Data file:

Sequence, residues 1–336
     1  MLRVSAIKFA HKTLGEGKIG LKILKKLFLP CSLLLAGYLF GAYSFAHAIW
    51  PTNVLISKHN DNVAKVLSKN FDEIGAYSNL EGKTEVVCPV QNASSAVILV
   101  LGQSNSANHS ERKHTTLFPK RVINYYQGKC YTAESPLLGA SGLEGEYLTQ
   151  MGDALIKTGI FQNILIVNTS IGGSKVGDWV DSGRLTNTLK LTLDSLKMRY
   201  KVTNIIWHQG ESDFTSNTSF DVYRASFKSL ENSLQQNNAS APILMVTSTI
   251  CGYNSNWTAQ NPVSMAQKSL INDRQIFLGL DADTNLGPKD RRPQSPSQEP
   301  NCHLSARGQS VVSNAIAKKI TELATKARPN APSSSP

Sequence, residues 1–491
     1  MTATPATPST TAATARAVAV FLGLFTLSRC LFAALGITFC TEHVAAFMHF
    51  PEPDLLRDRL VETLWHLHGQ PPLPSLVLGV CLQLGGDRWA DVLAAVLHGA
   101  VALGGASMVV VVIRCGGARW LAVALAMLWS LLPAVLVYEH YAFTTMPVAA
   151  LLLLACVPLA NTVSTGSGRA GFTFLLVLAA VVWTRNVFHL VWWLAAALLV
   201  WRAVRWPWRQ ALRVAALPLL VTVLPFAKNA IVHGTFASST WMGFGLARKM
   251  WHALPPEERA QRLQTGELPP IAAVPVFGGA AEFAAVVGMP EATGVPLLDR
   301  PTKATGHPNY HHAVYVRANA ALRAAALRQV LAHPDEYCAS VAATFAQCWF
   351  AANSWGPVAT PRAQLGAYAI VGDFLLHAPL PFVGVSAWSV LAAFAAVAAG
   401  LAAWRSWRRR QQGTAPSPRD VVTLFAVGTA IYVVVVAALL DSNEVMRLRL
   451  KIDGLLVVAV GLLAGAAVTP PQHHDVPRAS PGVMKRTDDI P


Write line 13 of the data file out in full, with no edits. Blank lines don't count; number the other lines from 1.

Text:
   151  LLLLACVPLA NTVSTGSGRA GFTFLLVLAA VVWTRNVFHL VWWLAAALLV